“We had more than 130 applications – and applications of extremely high quality – for just three postdoctoral fellowships for 2019-2020,” said Stewart-Steinberg. “We on the review committee were struck by how many of those scholars referred to the Pembroke Center Archives, and outlined plans for using them in their research.”
The archives are in high demand because of their pertinence to contemporary scholarship across disciplines but also because of the depth of the collections.
The Pembroke Center Archives represent one of the first major efforts by a co-educational American university to purposely curate special collections by and about women. While other universities have just embarked on archival projects to forefront the work and papers of women, the Pembroke Center has been in partnership with the John Hay Library to collect women’s history at Brown for 37 years, said Mary Murphy, the Nancy L. Buc Pembroke Center Archivist.
The Center’s archives include the Christine Dunlap Farnham Archive and the Feminist Theory Archive. The Farnham Archive documents the history – including oral histories – of women and gender non-binary alums at Brown University as well as feminist practitioners in Rhode Island, spanning from the 19th century to the present. The Feminist Theory Archive collects the papers of feminist theorists and scholars of difference in the United States and internationally, spanning from the 1960s to the present.
Stark’s gift in support of the archives will add crucial staffing capacity, enhancing the Pembroke Center’s ability to build the archives and make their contents accessible. The assistant archivist will process and catalogue incoming material, and support Murphy, who identifies, manages, and promotes the collections, and works directly with researchers, faculty, and students. The deeper bench of staff will allow the Pembroke Center Archives to offer more instructional sessions for students and more in-depth research services for scholars of women’s history.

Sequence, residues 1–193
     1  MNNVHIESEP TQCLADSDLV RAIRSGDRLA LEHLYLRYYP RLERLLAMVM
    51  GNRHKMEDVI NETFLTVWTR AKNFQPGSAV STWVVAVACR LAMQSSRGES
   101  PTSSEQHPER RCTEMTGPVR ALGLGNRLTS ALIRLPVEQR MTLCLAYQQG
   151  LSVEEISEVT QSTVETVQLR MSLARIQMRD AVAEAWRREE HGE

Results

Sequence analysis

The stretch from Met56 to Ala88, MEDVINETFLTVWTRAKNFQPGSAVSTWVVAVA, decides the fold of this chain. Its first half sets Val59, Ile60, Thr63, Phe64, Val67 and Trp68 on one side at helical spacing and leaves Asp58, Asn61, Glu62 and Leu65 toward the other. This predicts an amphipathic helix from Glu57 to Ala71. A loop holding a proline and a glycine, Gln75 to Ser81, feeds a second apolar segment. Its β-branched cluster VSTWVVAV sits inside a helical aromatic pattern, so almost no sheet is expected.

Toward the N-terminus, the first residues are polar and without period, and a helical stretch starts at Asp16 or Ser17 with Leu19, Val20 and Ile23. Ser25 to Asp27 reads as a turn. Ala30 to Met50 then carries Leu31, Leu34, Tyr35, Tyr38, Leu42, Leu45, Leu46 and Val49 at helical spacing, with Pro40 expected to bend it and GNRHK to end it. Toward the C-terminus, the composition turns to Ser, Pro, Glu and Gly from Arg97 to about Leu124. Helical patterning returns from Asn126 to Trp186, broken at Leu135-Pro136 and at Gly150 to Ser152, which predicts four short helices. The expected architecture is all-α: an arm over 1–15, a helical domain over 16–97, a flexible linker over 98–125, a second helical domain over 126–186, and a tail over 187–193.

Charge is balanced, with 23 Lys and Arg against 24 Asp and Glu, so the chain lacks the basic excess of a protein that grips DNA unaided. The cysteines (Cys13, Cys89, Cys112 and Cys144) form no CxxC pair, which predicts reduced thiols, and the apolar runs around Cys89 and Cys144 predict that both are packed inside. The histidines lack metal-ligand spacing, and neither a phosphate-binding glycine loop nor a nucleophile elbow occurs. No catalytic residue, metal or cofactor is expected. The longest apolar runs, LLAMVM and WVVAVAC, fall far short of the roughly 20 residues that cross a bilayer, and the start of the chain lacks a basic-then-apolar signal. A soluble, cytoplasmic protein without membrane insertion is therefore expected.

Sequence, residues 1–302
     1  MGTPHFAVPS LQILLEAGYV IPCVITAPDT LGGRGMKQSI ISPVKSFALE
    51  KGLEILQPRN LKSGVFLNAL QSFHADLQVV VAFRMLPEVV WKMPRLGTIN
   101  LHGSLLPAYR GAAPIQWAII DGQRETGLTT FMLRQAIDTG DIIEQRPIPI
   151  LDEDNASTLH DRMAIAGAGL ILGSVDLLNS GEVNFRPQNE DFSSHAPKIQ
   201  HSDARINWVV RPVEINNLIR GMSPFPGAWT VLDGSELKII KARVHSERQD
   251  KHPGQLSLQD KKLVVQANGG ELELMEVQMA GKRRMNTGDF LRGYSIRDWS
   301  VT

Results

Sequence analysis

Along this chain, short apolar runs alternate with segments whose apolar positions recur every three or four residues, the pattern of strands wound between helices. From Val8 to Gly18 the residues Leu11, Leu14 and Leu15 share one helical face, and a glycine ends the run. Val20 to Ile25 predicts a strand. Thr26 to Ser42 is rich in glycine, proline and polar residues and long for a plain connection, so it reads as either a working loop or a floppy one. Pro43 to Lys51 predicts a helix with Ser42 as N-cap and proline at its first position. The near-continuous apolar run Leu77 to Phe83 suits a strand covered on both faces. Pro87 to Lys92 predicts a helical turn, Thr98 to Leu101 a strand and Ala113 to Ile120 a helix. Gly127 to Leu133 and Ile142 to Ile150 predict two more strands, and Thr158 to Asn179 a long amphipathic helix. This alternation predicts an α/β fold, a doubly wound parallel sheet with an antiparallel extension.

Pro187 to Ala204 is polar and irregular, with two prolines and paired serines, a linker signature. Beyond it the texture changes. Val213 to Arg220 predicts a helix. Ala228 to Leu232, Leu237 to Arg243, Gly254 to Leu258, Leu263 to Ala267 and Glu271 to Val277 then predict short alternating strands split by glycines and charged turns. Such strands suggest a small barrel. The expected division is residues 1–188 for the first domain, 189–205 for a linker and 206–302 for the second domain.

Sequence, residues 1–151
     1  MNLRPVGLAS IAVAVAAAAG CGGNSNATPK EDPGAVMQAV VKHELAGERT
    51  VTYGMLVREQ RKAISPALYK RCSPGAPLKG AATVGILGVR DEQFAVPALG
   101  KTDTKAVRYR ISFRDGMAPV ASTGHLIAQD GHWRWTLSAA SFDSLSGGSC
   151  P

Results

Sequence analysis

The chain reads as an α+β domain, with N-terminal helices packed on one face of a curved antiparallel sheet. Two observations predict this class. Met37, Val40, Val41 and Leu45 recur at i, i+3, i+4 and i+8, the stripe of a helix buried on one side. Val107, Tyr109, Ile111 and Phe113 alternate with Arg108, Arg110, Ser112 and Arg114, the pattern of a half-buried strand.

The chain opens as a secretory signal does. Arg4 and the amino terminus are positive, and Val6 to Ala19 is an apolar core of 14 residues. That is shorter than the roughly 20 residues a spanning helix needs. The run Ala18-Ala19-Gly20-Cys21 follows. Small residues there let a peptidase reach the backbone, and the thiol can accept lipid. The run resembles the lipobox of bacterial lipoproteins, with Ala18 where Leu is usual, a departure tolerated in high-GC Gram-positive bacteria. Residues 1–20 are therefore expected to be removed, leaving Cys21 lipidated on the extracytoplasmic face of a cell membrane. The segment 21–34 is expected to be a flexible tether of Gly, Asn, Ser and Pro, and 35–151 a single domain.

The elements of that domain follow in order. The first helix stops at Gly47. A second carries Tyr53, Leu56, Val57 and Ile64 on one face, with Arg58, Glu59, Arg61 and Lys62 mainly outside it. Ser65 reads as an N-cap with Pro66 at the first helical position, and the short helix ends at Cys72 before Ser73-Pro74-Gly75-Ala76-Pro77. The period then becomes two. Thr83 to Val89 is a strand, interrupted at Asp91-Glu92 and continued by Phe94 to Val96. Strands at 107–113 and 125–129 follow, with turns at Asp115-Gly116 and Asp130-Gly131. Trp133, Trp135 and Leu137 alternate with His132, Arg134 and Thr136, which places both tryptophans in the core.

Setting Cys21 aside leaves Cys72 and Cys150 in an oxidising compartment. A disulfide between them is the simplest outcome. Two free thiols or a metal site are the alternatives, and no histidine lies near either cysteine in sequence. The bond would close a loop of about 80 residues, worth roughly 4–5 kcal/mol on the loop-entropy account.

“I envision the Pembroke Center Archives at Brown University fully representing the lives, aspirations and achievements of women previously invisible to scholars,” Stark said. “I am delighted that in the two years since the Nancy L. Buc Pembroke Center Archivist came on board full time, the Archives of John Hay Library have gone from 8 percent to 25 percent female representation. If women are systematically left out the archives of our country, how will we ever be represented in the history of our country?”
Strengthening the Pembroke Center’s postdoctoral fellowship program is an important priority for the Center as part of the University's BrownTogether campaign. We welcome gifts at all levels to support this important effort. To learn more, please contact Darcy Pinkerton, Development Officer, at [email protected] or 401-863-1162.